[vc_row][vc_column][vc_column_text]Cities are constantly looking for new means of transportation that can solve the urban transportation problemssuch as the last mile problem. Numerous bike and scooter sharing systems
have been launched promising to solve the problems, yet only a handful of them are predicted to succeed. What is stopping them to sustain growth? Can the status quo be changed by proposing a
new vehicle design? These are the initial questions for the research in the thesis. The research shows that scooter and bike sharing are both used in combination with other modes of transportation and for everyday commuting, one of the most difficult tasks for city transportation planners. This presents great potential for bikes and scooters being able to relieve the pressure on urban transportation. However, the research reveals the causes why these systems have not been able to do so. Bikes are getting vandalised, privatized and disregarded which renders them litter. This means that municipalities have to carry the costs of getting bikes off the streets and has made them push out strict legislations for operators. It is important to understand that this problem will grow with the number of bikes on city streets. As a result, many operators have had to shut down, including BlueGoGo – the world’s third operator in fleet size at the time of closure. However, scooters are able to avoid vandalism and privatizing, the biggest problem for municipalities. Nevertheless, these vehicles are not designed for sharing and this imposes problems for scootersharing systems. For these systems the key part of the problem is the substantial cost coming from keeping up the service. The research also shows that the biggest cost driver for the scooter operators is battery swaps followed by maintenance and repairs. By developing a new scooter for sharing, while service and repairs aspects are considered, the operational costs can be reduced. Based on the thesis research a new concept for a sharing scooter is proposed. Vehicle servicing is enhanced by making the battery removal process as convenient as possible. Relocating the battery under the driver’s feet avoids lifting over high edges. Additionally, removing any lids that cause additional steps to remove the battery and reconfiguring the fixation to the vehicle make the swapping much quicker. To further reduce the need of repairs, easily switchable high impact plastics are integrated to the vehicle. This makes the scooter to withstand drops or even slides which can happen quite often with inexperienced users. The final aspect in reducing the operational costs is adding a sharing specific technology layer to the vehicle. This makes the vehicle connected to a server and fully monitorable and operable from a distance enabling to detect problems faster. For the users the technology layer allows for a simple keyless operation, reducing the complexity of starting and finishing the rent. Additionally, wheel sizes are changed to improve ride quality and increase storage space. Added storage space is necessary for a sharing vehicle since it needs to fit at least two helmets, documentation, a spare of hairnets in addition to the regular cargo that the user might bring with him or her. To conclude, a design proposal that can relieve the problems of stakeholders in sharing systems is presented, thus providing a potential solution for urban transportation. The key focus in the design is vehicle maintainability and robustness, simplicity for the users and operators and longevity of the service. This thesis does not present precise models, nor calculations for manufacturing of such a vehicle. In addition, software and hardware of the connectivity box are described in the related parts of the thesis, but the actual design of them is left for future development.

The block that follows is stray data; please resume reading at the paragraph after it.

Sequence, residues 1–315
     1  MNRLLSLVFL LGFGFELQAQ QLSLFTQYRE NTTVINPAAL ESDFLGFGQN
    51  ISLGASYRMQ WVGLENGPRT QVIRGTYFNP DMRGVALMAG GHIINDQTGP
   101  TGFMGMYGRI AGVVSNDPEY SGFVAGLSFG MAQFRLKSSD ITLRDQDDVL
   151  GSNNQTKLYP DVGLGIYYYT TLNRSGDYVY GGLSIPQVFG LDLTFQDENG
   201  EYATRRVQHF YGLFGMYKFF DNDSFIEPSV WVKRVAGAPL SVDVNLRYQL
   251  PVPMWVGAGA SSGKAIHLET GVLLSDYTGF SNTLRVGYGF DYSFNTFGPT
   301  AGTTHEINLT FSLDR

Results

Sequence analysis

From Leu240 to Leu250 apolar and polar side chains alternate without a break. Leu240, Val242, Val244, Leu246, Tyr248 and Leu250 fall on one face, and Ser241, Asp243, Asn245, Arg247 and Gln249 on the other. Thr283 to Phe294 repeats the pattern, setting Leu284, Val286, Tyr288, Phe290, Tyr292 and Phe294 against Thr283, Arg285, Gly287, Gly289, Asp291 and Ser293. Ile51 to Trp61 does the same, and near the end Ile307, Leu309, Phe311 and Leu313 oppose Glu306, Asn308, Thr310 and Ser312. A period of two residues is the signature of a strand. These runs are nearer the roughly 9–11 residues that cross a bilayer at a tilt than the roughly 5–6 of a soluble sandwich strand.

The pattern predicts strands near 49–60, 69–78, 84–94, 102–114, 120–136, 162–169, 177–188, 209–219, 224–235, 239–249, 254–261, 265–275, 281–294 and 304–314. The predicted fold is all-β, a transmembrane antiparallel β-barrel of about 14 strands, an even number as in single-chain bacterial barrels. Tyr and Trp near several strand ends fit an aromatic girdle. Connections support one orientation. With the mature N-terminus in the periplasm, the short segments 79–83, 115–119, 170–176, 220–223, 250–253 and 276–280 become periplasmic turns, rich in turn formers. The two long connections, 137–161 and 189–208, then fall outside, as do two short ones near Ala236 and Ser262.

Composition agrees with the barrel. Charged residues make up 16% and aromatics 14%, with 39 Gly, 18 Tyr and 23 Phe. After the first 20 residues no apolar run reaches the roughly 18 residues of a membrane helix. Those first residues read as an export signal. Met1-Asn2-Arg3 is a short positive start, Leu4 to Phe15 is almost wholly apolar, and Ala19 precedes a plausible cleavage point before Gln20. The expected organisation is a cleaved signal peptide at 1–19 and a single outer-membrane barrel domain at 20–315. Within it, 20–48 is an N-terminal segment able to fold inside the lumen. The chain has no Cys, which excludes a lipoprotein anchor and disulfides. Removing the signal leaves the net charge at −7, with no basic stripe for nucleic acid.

Author: Rainer Lepik[/vc_column_text][vc_btn title=”Read the Thesis” style=”flat” shape=”round” color=”primary” align=”left” link=”url:http%3A%2F%2Fdesigntechfutures.eu%2Fthesis%2F2018%2FThesis_Rainer_Lepik.pdf|||”][/vc_column][/vc_row]